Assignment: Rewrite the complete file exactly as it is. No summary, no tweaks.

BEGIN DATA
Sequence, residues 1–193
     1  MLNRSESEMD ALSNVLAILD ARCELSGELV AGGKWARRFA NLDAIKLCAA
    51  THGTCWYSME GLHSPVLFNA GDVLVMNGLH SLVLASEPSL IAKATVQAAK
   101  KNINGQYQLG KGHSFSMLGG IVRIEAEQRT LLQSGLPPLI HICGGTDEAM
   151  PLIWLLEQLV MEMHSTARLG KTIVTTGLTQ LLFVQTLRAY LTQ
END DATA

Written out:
Sequence, residues 1–193
     1  MLNRSESEMD ALSNVLAILD ARCELSGELV AGGKWARRFA NLDAIKLCAA
    51  THGTCWYSME GLHSPVLFNA GDVLVMNGLH SLVLASEPSL IAKATVQAAK
   101  KNINGQYQLG KGHSFSMLGG IVRIEAEQRT LLQSGLPPLI HICGGTDEAM
   151  PLIWLLEQLV MEMHSTARLG KTIVTTGLTQ LLFVQTLRAY LTQ